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Subject to Change (Part 3)


After five days, my lost luggage appeared on my doorstep waiting to be unpacked and put away. In like manner, I will unpack the last of my personal lessons and put this topic—Subject to Change—aside. Practical tips follow.

Tips for Managing Air Travel Chaos

Stay near your gate

Change can happen quickly, and you don’t want to miss the flight wandering through the nearest bookstore.

Gather as much information as possible

Ask intelligent questions pertinent to your situation. (Examples: Where is the inbound aircraft coming from? Is it in the air? When will it arrive here? Do we have a crew? Are you showing weather delays? What is the mechanical problem that needs repair?)

Be aware that rumors abound amidst airport confusion

Not everyone wearing a uniform actually knows what is going on.

Get on the phone

In some situations, you might get faster service from a call center than from a beleaguered desk agent.

Stay alert

When delays continue to plague your prescribed flight, be prepared for a cancellation (looms)

Just wait

If you are on a stand by list, stay put in the boarding zone. You just never know. This tip came from a gate agent, and proved worth its weight in gold. On yet a different trip in January, a mechanical problem threw my whole itinerary cross-country itinerary out of whack.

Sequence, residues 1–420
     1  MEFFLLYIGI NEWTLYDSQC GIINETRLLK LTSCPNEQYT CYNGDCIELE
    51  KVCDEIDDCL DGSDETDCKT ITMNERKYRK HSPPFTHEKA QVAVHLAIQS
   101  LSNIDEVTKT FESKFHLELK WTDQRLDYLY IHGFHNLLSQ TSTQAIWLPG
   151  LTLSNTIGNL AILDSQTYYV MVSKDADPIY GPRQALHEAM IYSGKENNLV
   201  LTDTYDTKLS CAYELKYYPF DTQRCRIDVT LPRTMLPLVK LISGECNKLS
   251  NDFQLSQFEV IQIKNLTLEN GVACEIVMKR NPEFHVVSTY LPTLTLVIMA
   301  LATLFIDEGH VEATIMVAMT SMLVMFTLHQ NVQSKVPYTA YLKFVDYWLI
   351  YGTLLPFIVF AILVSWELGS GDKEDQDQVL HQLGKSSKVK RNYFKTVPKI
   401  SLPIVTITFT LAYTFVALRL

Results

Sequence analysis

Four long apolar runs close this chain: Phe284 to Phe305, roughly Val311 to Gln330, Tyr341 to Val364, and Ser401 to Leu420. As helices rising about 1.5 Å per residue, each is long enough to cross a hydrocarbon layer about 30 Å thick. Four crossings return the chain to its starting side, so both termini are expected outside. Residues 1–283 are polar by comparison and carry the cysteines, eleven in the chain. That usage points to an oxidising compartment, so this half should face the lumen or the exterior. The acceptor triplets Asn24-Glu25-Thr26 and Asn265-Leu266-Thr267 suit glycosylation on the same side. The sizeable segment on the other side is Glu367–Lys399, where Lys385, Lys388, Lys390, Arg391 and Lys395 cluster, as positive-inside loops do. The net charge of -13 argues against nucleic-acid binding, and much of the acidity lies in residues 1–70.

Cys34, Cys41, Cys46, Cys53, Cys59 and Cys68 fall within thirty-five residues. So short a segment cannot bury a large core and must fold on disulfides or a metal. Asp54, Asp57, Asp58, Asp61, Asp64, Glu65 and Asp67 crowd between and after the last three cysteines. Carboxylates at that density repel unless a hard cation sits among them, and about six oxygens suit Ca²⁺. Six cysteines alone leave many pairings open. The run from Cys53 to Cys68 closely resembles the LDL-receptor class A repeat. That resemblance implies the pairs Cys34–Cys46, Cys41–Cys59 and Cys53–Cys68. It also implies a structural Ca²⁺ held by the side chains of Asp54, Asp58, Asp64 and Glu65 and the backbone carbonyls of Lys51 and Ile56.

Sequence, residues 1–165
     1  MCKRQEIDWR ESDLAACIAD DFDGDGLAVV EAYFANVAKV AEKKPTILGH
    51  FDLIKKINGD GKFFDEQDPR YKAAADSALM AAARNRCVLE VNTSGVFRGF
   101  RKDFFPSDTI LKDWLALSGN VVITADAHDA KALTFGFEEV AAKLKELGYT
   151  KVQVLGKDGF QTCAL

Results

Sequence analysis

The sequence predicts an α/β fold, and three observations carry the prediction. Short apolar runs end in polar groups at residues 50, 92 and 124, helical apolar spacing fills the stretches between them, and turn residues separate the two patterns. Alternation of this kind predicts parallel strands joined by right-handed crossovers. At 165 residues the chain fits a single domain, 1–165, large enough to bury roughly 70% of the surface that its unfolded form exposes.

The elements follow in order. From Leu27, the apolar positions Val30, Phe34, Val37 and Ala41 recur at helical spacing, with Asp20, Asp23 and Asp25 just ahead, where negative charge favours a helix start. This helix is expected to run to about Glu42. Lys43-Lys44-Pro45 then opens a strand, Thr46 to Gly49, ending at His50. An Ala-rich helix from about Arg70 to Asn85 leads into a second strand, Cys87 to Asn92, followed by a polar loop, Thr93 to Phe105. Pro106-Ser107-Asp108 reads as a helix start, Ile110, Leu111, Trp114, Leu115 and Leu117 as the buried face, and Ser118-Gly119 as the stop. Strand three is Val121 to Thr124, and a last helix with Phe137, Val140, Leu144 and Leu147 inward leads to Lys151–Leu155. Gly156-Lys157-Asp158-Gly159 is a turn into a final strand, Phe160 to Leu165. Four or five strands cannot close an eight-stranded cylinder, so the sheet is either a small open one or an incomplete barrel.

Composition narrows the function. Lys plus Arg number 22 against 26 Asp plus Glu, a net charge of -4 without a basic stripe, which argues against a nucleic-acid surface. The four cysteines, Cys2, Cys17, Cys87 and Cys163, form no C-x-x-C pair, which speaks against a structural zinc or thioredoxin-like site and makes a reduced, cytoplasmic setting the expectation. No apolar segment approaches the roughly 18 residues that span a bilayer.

Desperate to get home, I held spot #11 on a standby list of 11, for an already overbooked flight. Tempted to give up and console myself with a nice meal, I conferred with the airline personnel managing my gate.

“Should I just accept reality and leave?” I asked.

“Sure, you can do that, but you might want to wait. You just never know what will happen.” Truer travel words were never spoken.

The maxed out plane loaded, and the gate agent began calling names from the list of stand by passengers. Imagine my exhilaration when I heard, Deborah Thompson!

The agent smiled and handed me my boarding pass with these parting comments, “Congratulations. I am glad you got on. Many of those on the list ahead of you did not wait. They left. Now enjoy your flight.”

Be nice, even if no one else is

God wants you to be a blessing in the midst of the brouhaha. And be sensitive to those around you; not everyone wants to chat, and not everyone cares to see the latest photos of your grandchildren.

Consider the elements

Weather will always influence your travel plans. And just so you know, air travel in the summer is subject to thunderstorms, and air travel in the winter is subject to icy and snow. Both have the potential to close airports and ground aircraft. Count on it. And in such cases, the airline is not obligated to cover your expenses.

Think quickly but not carelessly

When it is your turn at the desk, be clear and concise with the agent, Though a line waits behind you, don’t be pressured to act in haste. Once given the alternatives, ask the Lord’s guidance. Then act; make a decision.

Enjoy the confusion

“Never let a good crisis go to waste.” (M. F. Weiner) With that conclusion, I officially bring Subject to Change in for a landing.

Living With Eternal Intentionality®

What is your best tip for managing airport chaos?

How did you learn this lesson?